That’s the thing about legends, ask any scholar of the classics: They get told and retold and will always reflect the attitudes of the place and time of the teller. Haddon makes these characters resonate simply by giving them a “realness” that readers of contemporary fiction crave. They may have old-fashioned names, but they’re bristling with life. When Pericles meets the Queen of Tarsus and she “stands just a little closer to him than is proper, just inside an invisible orbit of which he has never been aware before,” we readers feel the electricity between them. Sex and attraction feature prominently throughout the story, as do birth and death, terror and violence—all the elemental stuff of life that hasn’t changed one bit over the eons—and the drama feels ageless because it is.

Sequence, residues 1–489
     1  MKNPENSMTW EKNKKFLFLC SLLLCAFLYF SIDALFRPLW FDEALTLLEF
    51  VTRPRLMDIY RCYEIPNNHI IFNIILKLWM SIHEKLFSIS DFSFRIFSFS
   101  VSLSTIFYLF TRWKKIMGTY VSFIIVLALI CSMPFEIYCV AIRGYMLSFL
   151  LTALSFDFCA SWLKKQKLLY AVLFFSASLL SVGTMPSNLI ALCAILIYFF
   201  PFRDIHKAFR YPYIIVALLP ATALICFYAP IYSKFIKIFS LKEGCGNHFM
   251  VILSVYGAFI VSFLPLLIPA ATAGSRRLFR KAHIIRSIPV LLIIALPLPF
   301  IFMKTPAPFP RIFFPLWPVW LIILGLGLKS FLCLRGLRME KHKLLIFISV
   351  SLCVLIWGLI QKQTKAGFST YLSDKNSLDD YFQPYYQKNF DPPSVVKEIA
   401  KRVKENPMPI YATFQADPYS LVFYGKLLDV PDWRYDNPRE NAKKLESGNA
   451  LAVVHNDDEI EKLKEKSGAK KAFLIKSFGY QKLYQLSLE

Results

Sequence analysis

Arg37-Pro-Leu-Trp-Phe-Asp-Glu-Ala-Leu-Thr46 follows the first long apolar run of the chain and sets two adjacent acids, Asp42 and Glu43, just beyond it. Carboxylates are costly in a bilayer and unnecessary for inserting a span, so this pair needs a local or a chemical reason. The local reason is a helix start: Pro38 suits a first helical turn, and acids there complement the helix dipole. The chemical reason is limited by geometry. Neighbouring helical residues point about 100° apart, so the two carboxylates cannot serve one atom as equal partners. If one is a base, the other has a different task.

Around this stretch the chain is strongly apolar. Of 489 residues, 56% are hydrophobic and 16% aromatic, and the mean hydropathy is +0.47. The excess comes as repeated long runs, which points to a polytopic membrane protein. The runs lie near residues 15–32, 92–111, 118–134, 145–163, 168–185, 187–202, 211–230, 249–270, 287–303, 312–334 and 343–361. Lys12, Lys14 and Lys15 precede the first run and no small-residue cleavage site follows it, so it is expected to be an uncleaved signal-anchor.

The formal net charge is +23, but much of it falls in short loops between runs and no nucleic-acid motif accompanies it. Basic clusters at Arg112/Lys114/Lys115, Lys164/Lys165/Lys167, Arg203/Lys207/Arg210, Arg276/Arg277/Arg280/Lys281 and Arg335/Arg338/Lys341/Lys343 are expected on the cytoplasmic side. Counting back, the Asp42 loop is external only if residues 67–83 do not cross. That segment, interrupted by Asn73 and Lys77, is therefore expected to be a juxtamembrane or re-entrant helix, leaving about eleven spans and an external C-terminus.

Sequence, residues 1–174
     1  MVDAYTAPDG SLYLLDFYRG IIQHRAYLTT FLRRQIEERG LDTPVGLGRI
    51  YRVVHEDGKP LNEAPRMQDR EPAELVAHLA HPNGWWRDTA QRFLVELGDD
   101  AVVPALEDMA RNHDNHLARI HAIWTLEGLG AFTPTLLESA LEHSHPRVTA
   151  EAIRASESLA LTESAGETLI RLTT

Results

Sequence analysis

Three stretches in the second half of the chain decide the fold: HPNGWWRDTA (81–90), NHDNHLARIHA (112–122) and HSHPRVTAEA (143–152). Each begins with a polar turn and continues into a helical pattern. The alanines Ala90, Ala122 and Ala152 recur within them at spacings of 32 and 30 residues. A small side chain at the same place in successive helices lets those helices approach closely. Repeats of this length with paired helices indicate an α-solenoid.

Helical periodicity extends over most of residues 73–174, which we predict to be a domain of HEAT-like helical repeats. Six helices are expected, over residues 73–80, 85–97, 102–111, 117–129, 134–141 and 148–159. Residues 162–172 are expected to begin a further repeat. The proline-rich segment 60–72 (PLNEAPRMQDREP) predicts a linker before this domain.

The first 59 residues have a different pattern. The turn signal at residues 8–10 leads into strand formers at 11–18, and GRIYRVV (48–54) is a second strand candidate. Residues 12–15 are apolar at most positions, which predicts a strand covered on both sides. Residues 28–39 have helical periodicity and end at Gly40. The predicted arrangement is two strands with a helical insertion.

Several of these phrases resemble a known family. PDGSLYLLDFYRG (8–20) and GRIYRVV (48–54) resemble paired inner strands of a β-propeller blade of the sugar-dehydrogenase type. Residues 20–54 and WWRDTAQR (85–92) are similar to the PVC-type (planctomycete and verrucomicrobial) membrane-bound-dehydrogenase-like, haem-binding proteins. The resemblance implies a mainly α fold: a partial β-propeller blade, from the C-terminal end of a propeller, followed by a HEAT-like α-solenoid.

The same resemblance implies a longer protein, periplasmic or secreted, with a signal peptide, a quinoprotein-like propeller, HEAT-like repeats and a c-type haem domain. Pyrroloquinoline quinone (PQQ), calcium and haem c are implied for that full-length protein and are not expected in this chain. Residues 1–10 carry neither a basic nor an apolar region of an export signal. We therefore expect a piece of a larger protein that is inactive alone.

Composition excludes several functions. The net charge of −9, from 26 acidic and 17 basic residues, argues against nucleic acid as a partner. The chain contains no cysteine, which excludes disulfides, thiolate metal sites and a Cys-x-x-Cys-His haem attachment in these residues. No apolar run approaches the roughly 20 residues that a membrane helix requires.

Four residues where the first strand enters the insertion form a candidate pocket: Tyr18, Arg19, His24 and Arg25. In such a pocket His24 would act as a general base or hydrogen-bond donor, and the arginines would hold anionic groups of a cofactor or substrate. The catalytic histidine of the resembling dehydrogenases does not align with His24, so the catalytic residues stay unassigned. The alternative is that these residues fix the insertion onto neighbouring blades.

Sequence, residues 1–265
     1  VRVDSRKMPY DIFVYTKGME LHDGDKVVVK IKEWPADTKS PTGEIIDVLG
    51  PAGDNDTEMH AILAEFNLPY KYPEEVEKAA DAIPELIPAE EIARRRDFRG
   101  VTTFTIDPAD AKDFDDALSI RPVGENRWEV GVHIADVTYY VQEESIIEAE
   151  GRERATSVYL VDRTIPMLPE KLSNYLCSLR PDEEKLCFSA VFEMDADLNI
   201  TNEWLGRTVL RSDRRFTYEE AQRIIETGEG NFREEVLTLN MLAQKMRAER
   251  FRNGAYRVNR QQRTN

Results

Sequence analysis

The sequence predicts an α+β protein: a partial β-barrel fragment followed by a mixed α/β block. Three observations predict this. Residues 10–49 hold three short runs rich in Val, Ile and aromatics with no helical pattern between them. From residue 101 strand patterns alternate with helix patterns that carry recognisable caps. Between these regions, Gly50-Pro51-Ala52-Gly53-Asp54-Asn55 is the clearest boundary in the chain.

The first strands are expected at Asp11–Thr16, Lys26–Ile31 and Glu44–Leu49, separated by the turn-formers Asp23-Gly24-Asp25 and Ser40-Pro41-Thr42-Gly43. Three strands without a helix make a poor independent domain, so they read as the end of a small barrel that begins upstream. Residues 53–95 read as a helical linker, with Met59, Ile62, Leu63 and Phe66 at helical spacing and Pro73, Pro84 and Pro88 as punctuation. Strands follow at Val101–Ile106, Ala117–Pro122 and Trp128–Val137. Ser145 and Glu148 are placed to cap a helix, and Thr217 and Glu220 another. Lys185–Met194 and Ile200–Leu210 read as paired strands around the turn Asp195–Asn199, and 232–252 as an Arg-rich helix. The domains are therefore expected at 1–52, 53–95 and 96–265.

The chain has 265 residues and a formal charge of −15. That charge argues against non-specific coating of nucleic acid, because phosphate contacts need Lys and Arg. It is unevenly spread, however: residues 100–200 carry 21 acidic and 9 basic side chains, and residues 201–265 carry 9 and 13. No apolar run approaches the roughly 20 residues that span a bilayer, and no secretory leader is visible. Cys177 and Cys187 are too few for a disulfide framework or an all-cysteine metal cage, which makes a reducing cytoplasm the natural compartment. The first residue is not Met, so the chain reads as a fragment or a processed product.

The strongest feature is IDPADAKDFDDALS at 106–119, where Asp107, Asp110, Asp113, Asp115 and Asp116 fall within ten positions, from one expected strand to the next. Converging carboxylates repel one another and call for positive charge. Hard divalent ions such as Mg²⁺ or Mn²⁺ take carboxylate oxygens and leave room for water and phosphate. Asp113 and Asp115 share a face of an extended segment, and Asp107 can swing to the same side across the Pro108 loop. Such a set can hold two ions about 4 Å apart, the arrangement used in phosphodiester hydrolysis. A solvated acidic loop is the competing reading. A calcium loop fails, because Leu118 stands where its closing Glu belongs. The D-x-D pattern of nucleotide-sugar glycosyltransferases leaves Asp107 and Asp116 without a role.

Saturday, July 20, 2019
… Mark Haddon’s Latest Curious Incident Sails the High Seas - The Millions. (Hat tip, Dave Lull.)